Dan Fromm, now CFO of North Memorial Health, was Mooty’s CFO. “Chuck grasped the business model quickly and helped clarify the strategy and vision and block out the noise, and there was a lot of noise,” Fromm says. “Chuck has a clarity of focus, a capacity to connect people and inspire them to engage and do the work.”
“They needed an outsider,” Mooty adds. “Sometimes it’s more important than great depth of knowledge. I had no long-term aspirations and could be the bad guy.”
Mooty only ran Fairview from mid-2012 to late 2013, but his tenure left him with decided opinions about the industry: “The wrong people are thriving in health care. Record earnings in insurance and pharmaceuticals, but the institutions that deliver health care are struggling.”
Mooty did not take a break, jumping midstream to Jostens, another lame thoroughbred. It was in year 12 of structural decline for the Bloomington-based company when he got there, “generating profits through cost-cutting and price hikes, not growing sales,” says Jim Simpson, Mooty’s CFO at DQ and Jostens. Digital had emerged as a primary threat to Jostens’ tactile world.
Jostens, for the uninitiated, sells more than half the yearbooks, cap and gowns, class photos, and school-branded clothing in America. It also creates rings for major sports championships. It relies on a large national cohort of self-employed sales reps (shades of DQ) and does much of its own manufacturing (see Faribault), so Mooty had experiences to lean on.
“The dynamic was reversing this decline of sales and relevance,” says Mooty. “I brought a great team together to create greater connection to our schools. Going online was essential, creating e-commerce. The first year we shrunk, second year we’re flat, and the next four years we grew significantly. It was a combination of improving product relevance by making a yearbook more compelling and adding digital elements.”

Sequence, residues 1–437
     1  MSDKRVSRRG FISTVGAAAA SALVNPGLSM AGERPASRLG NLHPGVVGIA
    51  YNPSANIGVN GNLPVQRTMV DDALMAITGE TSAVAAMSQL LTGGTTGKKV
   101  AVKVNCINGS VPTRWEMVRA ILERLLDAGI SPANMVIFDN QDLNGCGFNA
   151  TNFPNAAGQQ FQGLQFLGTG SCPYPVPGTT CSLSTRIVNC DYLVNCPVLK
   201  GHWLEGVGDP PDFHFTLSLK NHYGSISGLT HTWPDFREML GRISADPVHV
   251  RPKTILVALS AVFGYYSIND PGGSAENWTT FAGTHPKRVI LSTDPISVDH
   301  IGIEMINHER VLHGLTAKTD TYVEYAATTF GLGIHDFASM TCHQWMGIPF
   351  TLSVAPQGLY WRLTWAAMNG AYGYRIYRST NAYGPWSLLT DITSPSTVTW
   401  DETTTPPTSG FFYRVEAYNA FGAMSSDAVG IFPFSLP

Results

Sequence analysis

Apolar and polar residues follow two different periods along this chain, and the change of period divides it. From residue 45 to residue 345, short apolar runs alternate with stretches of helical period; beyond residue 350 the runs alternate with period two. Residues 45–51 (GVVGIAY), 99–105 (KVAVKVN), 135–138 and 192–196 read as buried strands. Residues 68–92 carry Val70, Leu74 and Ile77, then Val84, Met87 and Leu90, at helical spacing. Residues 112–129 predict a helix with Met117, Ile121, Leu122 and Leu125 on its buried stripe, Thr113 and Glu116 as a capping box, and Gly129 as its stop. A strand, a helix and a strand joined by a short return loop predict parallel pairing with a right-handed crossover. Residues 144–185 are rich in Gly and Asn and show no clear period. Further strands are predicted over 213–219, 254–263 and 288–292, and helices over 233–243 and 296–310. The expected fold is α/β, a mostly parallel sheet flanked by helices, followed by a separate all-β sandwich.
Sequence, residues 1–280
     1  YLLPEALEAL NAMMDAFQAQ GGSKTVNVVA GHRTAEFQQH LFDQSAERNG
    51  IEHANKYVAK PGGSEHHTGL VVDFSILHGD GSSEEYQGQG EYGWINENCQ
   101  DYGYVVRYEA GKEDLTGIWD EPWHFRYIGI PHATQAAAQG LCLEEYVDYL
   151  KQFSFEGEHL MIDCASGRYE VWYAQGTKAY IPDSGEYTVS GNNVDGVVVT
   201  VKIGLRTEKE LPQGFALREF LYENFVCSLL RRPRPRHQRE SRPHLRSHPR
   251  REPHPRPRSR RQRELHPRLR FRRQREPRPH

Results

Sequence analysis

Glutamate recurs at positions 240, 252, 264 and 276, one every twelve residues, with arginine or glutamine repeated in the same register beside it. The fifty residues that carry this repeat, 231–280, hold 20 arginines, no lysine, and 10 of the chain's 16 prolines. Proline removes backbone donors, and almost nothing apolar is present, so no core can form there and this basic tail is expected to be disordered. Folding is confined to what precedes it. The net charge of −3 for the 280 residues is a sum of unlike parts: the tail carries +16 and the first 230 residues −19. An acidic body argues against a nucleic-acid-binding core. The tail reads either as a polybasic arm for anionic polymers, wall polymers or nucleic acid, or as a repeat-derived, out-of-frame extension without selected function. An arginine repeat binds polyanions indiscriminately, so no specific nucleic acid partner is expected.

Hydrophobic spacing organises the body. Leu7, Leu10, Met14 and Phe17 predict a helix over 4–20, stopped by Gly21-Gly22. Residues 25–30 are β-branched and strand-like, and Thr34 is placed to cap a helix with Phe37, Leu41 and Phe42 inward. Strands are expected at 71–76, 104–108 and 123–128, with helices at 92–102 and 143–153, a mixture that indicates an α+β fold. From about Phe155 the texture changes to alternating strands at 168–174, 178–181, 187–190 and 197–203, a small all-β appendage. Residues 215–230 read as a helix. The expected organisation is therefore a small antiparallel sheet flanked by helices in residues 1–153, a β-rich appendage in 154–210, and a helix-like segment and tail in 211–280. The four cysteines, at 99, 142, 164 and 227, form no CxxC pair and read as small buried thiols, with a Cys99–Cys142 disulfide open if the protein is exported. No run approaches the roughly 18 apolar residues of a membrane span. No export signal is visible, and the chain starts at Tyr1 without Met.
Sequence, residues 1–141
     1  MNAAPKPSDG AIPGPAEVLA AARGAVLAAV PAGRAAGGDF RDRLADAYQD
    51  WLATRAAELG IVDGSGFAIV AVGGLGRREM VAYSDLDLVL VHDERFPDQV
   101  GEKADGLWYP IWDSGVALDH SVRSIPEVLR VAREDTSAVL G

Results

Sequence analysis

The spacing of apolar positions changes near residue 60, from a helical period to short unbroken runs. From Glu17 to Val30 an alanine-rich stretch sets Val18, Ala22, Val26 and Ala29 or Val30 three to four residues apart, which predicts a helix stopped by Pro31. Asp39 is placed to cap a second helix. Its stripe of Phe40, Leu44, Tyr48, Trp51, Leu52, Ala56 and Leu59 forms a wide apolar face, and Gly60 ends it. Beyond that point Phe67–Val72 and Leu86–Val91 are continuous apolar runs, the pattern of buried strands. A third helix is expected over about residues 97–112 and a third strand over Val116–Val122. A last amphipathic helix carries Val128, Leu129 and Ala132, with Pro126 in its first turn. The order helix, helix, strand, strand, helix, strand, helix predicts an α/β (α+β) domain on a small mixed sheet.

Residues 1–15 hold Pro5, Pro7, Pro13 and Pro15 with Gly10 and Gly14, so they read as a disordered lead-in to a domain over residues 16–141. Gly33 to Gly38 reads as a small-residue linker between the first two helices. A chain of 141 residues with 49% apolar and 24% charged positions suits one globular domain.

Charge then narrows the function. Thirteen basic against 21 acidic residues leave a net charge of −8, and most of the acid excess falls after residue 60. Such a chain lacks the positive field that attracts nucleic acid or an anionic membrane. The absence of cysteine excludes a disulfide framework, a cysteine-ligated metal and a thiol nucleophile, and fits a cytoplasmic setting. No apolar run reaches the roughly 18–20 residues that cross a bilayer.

Product design improved, and Jostens saw an opening in the financially challenged state of many of its high school clients. “We created free content for schools about motivating and creating leadership and building culture, topics like respect, healthy environments. Our weekly videos could be played in a homeroom,” says Mooty. “We became a real important provider when schools weren’t receiving adequate funding.”
Jostens was owned by private equity throughout Mooty’s tenure. Mooty’s success is more notable in that his four years of growth at Jostens occurred under four separate owners. He transitioned to chairman in 2019 and retired at 2020’s end.
“Chuck’s business acumen is unbeatable,” notes Simpson, “but it’s his deep love for the individual that sets him apart. We’d do plant tours or site visits and people talked about meeting and working for Chuck for years after he’d left.”
1984–87 Supervalu Financial analyst
1987-2008 International Dairy Queen CFO/CEO/chairman
2011-13 Faribault Woolen Mill CEO
2012-13 Fairview Health Services Interim CEO/chairman
2014–20 Jostens Inc. CEO/chairman